No doubt you have seen footage of a person caught in a riptide and struggling, and the quick formation of a human chain of thirty/forty people linking arms to reach into the ocean to grab the drowning swimmer. There was no time to screen these volunteers for their positions on any issue. No background checks about citizenship status or religious beliefs. No racial stereotyping. There was a desperate need and in those few moments, desperate cooperation and a sweet saving.
One of my great concerns is our ever-increasing polarization. We have become a nation so divided that many families ban political conversations from family gatherings. We fear the conversations and the loss of each other. In Louisville, we are East end and West end and we carry our stereotypes. The governor spoke of his surprise about a chess club in the West end. He is not the only one who trips over stereotypes. He just did it publicly. We speak different languages using the same words but with different meanings.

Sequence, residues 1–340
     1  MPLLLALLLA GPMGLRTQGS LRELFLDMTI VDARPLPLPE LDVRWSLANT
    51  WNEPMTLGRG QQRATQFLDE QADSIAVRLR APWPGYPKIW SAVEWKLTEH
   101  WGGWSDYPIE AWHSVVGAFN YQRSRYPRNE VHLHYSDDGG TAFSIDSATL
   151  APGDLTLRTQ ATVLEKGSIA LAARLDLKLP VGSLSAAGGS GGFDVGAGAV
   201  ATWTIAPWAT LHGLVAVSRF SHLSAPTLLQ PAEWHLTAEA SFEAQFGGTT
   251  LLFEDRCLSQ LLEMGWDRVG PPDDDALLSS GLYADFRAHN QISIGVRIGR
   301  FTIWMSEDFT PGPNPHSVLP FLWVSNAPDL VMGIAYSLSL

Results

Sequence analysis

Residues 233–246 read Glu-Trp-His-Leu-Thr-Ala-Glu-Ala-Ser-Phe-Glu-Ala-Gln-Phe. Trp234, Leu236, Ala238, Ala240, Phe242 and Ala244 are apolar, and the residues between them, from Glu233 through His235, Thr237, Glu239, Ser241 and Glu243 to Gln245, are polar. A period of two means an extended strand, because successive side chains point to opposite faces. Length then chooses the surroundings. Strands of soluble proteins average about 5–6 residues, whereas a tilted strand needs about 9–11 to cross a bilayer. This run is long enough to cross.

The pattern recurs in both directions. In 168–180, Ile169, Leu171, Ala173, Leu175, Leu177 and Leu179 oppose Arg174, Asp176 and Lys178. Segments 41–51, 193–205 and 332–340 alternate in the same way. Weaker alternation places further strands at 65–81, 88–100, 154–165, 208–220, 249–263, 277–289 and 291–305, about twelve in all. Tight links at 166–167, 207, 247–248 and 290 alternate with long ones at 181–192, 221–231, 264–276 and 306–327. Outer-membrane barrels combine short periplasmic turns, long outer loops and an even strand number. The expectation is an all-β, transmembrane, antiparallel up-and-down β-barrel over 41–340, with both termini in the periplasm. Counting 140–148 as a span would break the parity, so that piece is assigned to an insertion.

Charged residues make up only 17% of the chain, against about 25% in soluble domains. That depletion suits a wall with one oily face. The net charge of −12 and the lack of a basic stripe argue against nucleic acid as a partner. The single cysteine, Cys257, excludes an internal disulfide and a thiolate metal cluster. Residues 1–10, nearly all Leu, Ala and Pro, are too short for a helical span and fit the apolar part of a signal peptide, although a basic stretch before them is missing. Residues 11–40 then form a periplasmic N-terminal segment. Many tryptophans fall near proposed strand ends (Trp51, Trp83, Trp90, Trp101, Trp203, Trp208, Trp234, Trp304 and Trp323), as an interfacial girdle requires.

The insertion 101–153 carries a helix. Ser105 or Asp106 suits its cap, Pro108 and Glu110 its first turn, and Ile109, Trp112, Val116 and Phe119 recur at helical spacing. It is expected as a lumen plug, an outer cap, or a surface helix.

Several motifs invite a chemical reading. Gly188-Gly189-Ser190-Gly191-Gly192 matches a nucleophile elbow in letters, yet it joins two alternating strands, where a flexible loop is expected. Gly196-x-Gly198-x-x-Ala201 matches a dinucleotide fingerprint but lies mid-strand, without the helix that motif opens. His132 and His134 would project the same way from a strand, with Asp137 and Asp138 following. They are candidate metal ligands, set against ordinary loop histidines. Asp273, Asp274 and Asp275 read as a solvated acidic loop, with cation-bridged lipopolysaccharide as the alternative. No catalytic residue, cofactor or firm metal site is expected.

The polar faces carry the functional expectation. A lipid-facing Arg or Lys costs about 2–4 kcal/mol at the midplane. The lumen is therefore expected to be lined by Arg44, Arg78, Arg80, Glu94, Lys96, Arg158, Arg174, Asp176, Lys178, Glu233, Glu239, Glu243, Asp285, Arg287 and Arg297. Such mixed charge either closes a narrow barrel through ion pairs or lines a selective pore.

As a result, we pile up fears, create and deepen divisions and suck on anger like a bitter cough drop that won’t dissolve. We end up in racism and fear of desperate strangers at our borders, and suspicion of each other.
When I think of faith I hear a call to “do justice and love mercy”, to “love my enemies”, “not to judge, practice forgiveness, speak the truth in love…”. I find all that easier in the abstract. Yet, I try to hold onto a vision of a human chain locking arms and reaching out to save the desperate. We must find ways to work together to save people.